Thursday, August 2, 2012

Is Marriage Christian?


The Christian Chicken Crusades or whatever we’re calling it has really brought everyone on Facebook together (in mentioning the same topic at least, certainly not in agreement).  It’s a sad state of affairs that the purchase of waffle fries is a “taking a stand” for your beliefs. Leave the delicious waffle fries alone; the only rights they care about are for potatoes.

The thing is, people have the right to support or boycott whatever they want. But if I have to hear about the “biblical family” one more time, I’m going to hit someone over the head with their Bible under they until he actually reads it. When people say “biblical family” they usually mean a husband head of house, a wife, and obedient children. But you have to look pretty hard to find an example resembling that in the Bible.

There are the various marriages in the Old Testament. Adam and Eve were a monogamous couple, but they weren’t married. Pre-religion, therefore, pre-marriage. Then we have plenty of Old Testament men with their multiple wives, those wives’ servants, and concubines. There’s a rule about marrying the girl you rape (Deut. 22:28). And a rule about marrying your brother’s widow (Deut. 25:5). And plenty of wives obtained as spoils of war. Any of those “biblical family”? 

But I propose something more radical: that the idea of “biblical family” falls apart even further once we reach the New Testament. Let’s start with the obvious: unless you’re reading the De Vinci Code version of the Bible, Jesus wasn’t married. And we are called to be like Christ. So if marriage was a commandment, it’s rather odd Jesus didn’t set that example Himself. He called His disciples to leave their families (including wives) and follow on their own (Luke 14:26). The building of the kingdom comes before the building of a family unit. I always imagined that there were some women who really hated Jesus for convincing their husbands to leave their families without any means of support.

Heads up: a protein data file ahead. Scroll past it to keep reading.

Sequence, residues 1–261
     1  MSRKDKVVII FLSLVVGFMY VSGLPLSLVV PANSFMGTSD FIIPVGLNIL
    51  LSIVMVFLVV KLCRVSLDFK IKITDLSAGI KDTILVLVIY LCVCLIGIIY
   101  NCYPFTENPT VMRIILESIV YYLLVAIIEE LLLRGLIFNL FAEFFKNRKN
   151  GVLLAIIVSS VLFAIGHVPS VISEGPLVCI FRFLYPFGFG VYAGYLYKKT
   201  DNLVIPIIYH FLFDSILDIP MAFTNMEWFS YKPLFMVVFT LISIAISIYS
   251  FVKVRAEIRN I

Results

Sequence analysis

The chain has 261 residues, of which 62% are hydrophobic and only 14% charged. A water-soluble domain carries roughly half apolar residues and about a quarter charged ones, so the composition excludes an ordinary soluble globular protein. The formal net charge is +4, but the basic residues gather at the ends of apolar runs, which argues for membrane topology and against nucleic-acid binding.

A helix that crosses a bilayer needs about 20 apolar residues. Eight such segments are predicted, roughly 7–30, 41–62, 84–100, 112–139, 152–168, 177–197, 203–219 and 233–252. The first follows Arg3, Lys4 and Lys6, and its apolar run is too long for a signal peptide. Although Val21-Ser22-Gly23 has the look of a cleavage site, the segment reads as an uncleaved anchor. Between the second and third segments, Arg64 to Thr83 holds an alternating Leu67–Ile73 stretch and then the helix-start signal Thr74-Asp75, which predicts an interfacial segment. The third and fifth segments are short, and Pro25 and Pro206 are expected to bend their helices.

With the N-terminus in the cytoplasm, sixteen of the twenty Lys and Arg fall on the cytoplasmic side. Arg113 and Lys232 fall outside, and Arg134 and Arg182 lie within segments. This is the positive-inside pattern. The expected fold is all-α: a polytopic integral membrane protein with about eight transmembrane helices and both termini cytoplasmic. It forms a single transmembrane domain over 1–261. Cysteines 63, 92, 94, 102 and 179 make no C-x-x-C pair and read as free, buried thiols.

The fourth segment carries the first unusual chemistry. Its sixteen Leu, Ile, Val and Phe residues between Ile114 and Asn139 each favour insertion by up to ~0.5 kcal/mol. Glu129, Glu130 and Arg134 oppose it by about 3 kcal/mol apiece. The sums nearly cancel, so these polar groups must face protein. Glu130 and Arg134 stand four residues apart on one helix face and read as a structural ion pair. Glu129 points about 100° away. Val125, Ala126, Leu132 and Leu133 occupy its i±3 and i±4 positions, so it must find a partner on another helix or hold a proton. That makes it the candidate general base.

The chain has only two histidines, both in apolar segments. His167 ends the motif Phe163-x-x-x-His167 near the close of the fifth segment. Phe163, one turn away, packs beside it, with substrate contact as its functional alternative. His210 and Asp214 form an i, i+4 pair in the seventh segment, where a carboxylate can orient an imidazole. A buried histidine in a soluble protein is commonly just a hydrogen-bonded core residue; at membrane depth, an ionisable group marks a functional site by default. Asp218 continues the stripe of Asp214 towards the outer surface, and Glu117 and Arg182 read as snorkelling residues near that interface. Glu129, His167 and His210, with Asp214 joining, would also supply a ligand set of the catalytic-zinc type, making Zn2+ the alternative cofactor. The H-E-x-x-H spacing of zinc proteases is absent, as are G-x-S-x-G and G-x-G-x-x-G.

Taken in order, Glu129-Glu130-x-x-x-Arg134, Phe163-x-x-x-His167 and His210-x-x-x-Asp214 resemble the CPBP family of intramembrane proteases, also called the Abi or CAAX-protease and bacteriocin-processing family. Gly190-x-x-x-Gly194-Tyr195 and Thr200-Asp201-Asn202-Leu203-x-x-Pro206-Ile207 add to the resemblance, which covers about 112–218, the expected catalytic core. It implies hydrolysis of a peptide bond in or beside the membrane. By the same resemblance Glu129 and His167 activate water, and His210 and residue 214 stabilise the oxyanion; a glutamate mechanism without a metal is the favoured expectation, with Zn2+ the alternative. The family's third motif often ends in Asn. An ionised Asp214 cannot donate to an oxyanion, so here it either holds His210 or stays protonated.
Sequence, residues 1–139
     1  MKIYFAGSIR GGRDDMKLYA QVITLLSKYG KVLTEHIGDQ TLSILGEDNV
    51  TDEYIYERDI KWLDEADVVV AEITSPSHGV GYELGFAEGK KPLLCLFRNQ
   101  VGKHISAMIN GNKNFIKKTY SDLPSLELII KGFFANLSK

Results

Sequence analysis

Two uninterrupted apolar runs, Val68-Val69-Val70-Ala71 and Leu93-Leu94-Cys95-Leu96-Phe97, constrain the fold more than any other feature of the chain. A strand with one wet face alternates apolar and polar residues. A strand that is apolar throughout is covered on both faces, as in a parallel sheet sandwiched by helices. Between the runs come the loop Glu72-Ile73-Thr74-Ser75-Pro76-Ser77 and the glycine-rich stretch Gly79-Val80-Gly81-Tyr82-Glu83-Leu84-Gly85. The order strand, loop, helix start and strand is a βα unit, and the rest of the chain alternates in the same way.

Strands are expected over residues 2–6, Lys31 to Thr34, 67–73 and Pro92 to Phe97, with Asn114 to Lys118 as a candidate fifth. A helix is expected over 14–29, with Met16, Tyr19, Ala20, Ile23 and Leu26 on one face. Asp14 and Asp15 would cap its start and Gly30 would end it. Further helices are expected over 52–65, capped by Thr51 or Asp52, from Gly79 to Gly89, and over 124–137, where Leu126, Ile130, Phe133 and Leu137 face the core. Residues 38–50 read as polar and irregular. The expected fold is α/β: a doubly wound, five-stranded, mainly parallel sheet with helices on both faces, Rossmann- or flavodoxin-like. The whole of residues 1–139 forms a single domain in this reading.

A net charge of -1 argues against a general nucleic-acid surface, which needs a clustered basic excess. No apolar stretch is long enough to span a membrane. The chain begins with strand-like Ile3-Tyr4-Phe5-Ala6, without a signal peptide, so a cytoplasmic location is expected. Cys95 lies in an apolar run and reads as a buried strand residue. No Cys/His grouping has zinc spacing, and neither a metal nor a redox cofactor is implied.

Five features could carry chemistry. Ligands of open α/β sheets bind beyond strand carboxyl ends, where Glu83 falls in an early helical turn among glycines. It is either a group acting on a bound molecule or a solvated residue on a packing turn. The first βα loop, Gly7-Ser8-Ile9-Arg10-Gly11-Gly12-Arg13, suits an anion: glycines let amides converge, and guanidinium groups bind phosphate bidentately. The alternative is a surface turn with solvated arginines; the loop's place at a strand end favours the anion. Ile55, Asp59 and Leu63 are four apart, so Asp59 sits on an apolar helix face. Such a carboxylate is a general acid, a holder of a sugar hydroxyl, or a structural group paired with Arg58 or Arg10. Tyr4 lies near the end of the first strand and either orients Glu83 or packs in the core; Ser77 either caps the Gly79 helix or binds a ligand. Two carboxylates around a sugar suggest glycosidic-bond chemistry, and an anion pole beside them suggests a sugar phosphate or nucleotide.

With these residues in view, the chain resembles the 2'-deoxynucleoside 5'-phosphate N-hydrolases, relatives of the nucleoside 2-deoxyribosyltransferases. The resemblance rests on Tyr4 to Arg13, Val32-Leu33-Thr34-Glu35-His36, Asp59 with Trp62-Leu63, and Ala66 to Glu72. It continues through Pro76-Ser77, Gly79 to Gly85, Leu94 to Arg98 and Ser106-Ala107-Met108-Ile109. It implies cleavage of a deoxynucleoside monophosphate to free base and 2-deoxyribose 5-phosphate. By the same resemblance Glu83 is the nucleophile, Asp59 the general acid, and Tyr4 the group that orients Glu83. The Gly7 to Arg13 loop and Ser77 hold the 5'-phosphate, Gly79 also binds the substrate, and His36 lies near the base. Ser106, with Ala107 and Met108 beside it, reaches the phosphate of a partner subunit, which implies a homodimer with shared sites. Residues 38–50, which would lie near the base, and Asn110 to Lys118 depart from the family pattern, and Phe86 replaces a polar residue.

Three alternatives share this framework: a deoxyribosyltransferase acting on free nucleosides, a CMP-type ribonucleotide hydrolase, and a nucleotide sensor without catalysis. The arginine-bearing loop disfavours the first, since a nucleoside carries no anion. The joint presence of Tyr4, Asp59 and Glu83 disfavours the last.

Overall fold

When Jesus talks about marriage, He points out that marriage is only for earth. In heaven, marriage doesn’t exist (Matthew 22:28-30). Marriage is sacred, but it was created because men and women couldn’t help being together, and so an institution was created to do that in the right way. Paul advises people not to marry, but marriage is the better option over sexual immorality (1 Corinthians 7:1,6-7). And Jesus demands celibacy from those who can handle it: “Some are incapable of marriage because they were born so; some because they were made so by others; some because they have renounced marriage for the kingdom of heaven. Whoever can accept this ought to accept it. (Matthew 19:12).”

Celibacy should be the first option, marriage the second if the temptation is too strong. But people don’t like hearing that. I think most people think marriage is the Christian ideal, and that singleness has no place. But this idea comes from the culture, not the theology. We desire sex and family-building and children. But procreation is a goal of Old Testament tribes, not Christianity. In Christianity, the larger community of faith is the family; bloodlines are secondary, only necessary once the Second Coming took longer than a generation.

I’m not trying to be down on marriage. It has its place, and it’s sacramental and beautiful. But can we stop pretending that marriage and family is a Christian directive? It doesn’t jive. The only sexual directive Christians have is chastity, either through celibacy or marriage. I just want room in society for celibacy to be just as valid an option as marriage. I want acknowledgement that people are perfectly capable of choosing not to have sex. From culture, the idea of “biblical family” does exist, but there is nothing biblical about it.

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